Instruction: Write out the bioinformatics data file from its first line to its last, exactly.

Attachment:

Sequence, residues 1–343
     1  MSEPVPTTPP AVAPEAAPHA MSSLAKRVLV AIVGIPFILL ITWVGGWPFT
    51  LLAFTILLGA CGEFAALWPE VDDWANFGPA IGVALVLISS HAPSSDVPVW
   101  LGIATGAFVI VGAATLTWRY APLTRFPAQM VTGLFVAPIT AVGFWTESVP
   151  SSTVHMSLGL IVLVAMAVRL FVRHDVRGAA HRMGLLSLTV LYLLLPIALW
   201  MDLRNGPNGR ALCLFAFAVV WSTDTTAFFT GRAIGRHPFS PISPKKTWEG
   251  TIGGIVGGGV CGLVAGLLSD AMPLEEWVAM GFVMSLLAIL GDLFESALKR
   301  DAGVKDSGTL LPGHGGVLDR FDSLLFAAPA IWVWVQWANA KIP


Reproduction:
Sequence, residues 1–343
     1  MSEPVPTTPP AVAPEAAPHA MSSLAKRVLV AIVGIPFILL ITWVGGWPFT
    51  LLAFTILLGA CGEFAALWPE VDDWANFGPA IGVALVLISS HAPSSDVPVW
   101  LGIATGAFVI VGAATLTWRY APLTRFPAQM VTGLFVAPIT AVGFWTESVP
   151  SSTVHMSLGL IVLVAMAVRL FVRHDVRGAA HRMGLLSLTV LYLLLPIALW
   201  MDLRNGPNGR ALCLFAFAVV WSTDTTAFFT GRAIGRHPFS PISPKKTWEG
   251  TIGGIVGGGV CGLVAGLLSD AMPLEEWVAM GFVMSLLAIL GDLFESALKR
   301  DAGVKDSGTL LPGHGGVLDR FDSLLFAAPA IWVWVQWANA KIP